Last month at the Sydney Microservices Meetup, the Meetup’s organiser, Yamen Sader, presented a great talk on “A Microservices Reference Architecture“.
My own talk on the night, which was a case study about the evolution of microservices at Tyro Payments, laid out many examples of practices and tools we’ve used, but left it for people to either follow or ignore what we’ve done as they feel led. Yamen’s talk, on the other hand, was deliberately prescriptive, describing by the end what he obviously considers to be a widely-applicable framework – a “microservice platform in a box”, if you will. (He also ranked the importance of his suggestions based on a hilarious scale of Seinfeld characters, so he could recommended some ideas more strongly than others.)
Is a Microservices PaaS In Our Future?
Yamen’s talk, as well as being really interesting, left me wondering about the future of microservices development. In particular, it had me wondering whether, at some point in the near future, we’ll see a Microservices Platform as a Service, or MSA-PaaS. I’m now thinking…
- Will some enterprising young men & women take something like the architecture he described and turn it into a template that can be stamped across a bunch of cloud servers with nothing more than the push of a button and the entering of a credit card number?
- Could development teams of the future start building a microservice-based system simply by pressing the “Spin Up A New System” button, then coding the business logic of the first service and pushing it to Production by the end of the day?
- Could someone make a business out of offering that?
- Is someone already DOING this?!
Is a Microservices PaaS even possible?
Now I imagine someone might say that the scope of solutions that can be labelled “microservices” is too wide and varied to allow such a template to be broadly applicable. However, I think the PaaS world has already proven that a heavily-prescriptive solution can gain popularity, then reach broader appeal as time progresses by bolting more options onto the existing infrastructure in response to market demand.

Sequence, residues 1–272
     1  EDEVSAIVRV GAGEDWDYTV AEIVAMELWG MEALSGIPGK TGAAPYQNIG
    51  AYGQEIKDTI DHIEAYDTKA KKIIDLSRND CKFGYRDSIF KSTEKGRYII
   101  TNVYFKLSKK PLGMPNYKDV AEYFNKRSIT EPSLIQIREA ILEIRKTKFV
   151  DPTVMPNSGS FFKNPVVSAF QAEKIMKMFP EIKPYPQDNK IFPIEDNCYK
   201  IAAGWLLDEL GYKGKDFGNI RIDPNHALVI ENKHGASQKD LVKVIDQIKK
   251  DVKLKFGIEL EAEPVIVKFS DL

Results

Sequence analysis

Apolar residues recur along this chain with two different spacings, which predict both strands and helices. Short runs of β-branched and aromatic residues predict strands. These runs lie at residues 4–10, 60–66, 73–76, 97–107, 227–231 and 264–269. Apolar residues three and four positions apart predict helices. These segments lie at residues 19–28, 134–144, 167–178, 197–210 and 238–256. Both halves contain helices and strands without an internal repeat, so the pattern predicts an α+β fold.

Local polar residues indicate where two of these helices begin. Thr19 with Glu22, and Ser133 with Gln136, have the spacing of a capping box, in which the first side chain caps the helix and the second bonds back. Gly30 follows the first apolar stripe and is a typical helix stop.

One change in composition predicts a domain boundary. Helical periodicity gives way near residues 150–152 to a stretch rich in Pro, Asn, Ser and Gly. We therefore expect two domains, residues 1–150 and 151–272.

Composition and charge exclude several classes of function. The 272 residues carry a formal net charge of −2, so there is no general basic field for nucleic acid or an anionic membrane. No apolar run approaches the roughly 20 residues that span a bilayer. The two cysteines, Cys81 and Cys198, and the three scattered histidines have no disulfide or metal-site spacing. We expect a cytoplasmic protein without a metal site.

While vendors like AWS (more of an IaaS) offer a simple virtual Linux box on which to run anything you like, other ventures have started off very prescriptive. Take for example Heroku, which originally only offered Ruby apps running on Rack and PostgreSQL, but now has more “Add-Ons” available than my phone has apps. One of the biggest competitors in PaaS, Google App Engine, started by offering Python as the only language, with data stored in their proprietary, BigTable-inspired, ingeniously-named “Datastore”. But they now also offer Java, PHP and Go as languages, MySQL and “Cloud Storage” as additional storage options, and the option of bolting on a whole stack of other languages and managed technologies if you want to connect up to their Compute Engine.
Both of these, like many other successful PaaS players, and AWS to an extent, have rolled out more varied options as the business has proved itself. Could a microservices PaaS take the same route, offering restrictive but sensible defaults to start with, and adding optional extras as the money starts to roll in?
Could a Microservices PaaS be quite close?
If this is going to happen, is it a long way away or will it happen some time soon?
In the corner of the technology world that I spend the most time in – that of the JVM – tools like Dropwizard and Spring Boot are already appearing as the building blocks out of which an opinionated microservices PaaS might be based. These are the push-button solutions for starting up a single service quickly. Then there are also bigger packages appearing, like Spring Cloud, which seems like it’s trying to be an architecture (or the majority of one) out of the box, and CloudFoundry, an open-source PaaS in a box, with a commercial instance running as a service on Pivotal Web Services.